I find this interesting from a number of points of view.

First of all, the word twintern, which as far as I can determine is about a year old, possibly invented by Pizza Hut. ("Influencer" might strike you as new, but according to the OED has been around since 1664, though perhaps not as a modifier.)

But I really find intriguing the use of WTF in a job posting.

It's not just the use of a text messaging abbreviation, as clearly this ad is trying to be self-consciously hip and is, after all, about the "Twitterverse".

Perhaps the job applicants will get extra points for writing sentences in their cover letters like this:
"OMG, I am so wanting this job. TTYL."

But it's the casual use of a profanity (even an abbreviated one, but everyone knows what that "F" stands for) that strikes me as truly remarkable.

Wednesday, July 21, 2010

Say what????

This is from a job posting for a position with the Ontario government. If I understood it, I might apply!
"-strategic planning experience to align and leverage stakeholder engagement with divisional priorities, linking stakeholder advice to policy, program and decision-making processes"

At your service in Japanese

"Many languages have at least two forms of a pronoun meaning "you", a singular and a plural. However, the plural form is widely felt to be more deferential. In numerous languages the plural "you" has become the polite "you", while the singular "you" has become the familiar and intimate "you"...Other pronouns can be affected also...In Japanese, extreme, formalized politeness has affected the whole pronoun system. For example, the most formal word for "I", watakusi, originally meant "slave" or "servant"."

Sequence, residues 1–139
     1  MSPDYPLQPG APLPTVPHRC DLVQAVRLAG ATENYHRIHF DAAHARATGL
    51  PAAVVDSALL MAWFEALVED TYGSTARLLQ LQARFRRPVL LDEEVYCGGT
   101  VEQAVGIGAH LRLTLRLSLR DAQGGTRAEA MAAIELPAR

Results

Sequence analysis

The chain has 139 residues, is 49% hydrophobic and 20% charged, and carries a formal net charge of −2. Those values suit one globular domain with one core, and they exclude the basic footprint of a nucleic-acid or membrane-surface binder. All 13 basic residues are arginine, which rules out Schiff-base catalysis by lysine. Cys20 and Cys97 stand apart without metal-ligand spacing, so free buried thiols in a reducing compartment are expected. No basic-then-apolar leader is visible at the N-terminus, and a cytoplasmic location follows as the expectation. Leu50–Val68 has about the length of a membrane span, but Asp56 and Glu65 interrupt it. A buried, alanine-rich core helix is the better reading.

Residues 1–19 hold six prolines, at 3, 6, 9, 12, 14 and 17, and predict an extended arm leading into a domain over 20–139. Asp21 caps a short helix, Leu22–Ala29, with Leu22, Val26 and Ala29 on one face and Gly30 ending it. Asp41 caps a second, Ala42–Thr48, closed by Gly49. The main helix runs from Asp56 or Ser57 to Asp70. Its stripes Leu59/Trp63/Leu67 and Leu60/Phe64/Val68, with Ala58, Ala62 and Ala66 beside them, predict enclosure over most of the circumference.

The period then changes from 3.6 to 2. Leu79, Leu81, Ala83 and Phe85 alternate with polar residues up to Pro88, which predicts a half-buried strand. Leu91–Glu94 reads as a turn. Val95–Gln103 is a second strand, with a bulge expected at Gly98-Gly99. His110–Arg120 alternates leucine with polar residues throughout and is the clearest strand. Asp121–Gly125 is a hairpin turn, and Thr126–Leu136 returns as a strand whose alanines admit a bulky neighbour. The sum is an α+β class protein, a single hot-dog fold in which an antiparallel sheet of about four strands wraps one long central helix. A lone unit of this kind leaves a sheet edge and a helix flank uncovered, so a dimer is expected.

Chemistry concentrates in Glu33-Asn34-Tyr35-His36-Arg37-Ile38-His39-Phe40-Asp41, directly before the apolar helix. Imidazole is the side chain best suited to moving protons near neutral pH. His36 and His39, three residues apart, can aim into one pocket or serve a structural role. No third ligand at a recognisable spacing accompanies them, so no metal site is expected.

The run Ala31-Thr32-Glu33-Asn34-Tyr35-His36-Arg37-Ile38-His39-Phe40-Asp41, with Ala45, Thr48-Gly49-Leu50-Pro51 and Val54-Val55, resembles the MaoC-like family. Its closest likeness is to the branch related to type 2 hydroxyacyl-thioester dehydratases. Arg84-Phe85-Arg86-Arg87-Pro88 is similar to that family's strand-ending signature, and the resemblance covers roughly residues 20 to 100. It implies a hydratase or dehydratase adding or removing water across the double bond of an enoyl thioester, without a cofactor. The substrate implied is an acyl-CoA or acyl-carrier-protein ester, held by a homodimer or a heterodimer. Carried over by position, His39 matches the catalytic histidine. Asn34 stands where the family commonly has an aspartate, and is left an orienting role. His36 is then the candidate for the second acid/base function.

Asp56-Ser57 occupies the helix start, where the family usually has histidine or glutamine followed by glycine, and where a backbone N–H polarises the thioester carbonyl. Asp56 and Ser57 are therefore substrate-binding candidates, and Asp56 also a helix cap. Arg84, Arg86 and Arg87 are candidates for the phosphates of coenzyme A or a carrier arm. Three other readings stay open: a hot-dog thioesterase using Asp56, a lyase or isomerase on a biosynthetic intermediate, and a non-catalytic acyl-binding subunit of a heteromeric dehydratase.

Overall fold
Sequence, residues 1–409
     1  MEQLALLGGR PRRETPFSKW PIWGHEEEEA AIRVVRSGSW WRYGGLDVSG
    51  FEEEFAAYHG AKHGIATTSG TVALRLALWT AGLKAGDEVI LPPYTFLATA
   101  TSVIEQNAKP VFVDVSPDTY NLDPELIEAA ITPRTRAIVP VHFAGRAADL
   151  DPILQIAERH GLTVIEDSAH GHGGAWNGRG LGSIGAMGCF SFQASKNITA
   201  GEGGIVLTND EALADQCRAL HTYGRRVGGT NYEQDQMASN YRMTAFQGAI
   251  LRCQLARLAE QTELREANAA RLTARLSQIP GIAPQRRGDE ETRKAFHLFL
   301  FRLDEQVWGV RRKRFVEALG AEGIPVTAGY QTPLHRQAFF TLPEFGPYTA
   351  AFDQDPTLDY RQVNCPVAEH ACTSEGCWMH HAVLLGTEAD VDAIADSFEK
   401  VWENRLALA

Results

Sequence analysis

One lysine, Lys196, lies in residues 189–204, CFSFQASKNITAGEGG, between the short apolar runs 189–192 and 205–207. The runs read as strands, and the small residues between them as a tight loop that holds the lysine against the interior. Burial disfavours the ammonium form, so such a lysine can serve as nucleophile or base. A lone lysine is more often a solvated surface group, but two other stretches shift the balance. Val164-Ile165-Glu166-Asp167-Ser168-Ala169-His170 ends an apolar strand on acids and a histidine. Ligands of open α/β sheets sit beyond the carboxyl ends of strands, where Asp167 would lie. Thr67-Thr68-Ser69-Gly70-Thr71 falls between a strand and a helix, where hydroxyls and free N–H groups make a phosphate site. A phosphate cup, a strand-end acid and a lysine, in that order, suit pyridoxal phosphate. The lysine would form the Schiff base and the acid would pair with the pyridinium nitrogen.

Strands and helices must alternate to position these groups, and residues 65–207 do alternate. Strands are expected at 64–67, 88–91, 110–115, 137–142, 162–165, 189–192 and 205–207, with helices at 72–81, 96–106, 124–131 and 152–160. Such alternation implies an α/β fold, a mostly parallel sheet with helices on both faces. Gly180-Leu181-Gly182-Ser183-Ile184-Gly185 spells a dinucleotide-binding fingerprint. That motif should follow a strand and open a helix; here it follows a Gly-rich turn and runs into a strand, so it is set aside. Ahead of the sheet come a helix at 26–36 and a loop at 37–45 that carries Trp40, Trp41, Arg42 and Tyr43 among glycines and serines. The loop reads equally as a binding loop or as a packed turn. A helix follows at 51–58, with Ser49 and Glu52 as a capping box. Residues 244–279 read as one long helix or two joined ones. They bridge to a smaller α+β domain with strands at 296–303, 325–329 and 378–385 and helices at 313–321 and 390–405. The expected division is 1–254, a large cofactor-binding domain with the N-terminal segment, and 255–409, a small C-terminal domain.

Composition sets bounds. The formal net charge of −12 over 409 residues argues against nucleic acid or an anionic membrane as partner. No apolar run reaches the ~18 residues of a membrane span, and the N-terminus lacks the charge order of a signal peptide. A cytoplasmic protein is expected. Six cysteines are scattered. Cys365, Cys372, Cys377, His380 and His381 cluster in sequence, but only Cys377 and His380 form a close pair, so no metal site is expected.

Jean Aitchison, Language Change: Progress or Decay?, Cambridge University Press 2001.

The fascinating story of the Swahili traffic island

"Swahili has some even stranger adaptations of English words: kiplefiti "traffic island" is from keep left. Swahili words which begin with ki- in the singular normally begin with vi- in the plural; we therefore find a plural viplefiti "traffic islands". Moreover, since a number of Swahili words have a plural prefix ma-, we find the English word mudguard adopted as a plural madigadi "mudguards", with a corresponding singular form digadi "mudguard"!"
Jean Aitchison, Language Change: Progress or Decay?, Cambridge University Press 2001.

P.S. If you find the English language fascinating, you might enjoy regular updates about English usage and word origins from Wordlady. Receive every new post delivered right to your inbox! If you are not already subscribed, you can either:

use the subscribe window at the top of this page
OR
(if you are reading this on a mobile device): send me an email with the subject line SUBSCRIBE at wordlady.barber@gmail.com

Privacy policy: we will not sell, rent, or give your name or address to anyone. You can unsubscribe at any point.


Follow me on twitter: @thewordlady


Monday, July 19, 2010

Death of the Subjunctive

The post below about the origins of the word "oil" was published last week in the Toronto Star. Intriguingly, the editor "corrected" my subjunctive "were" in the first sentence to "was" (it has now been "re-corrected" at my insistence). "If only the oil... was...". I know the subjunctive is dying in English, but that an editor at a major newspaper didn't recognize it as correct suggests that it is further into its death throes than I thought.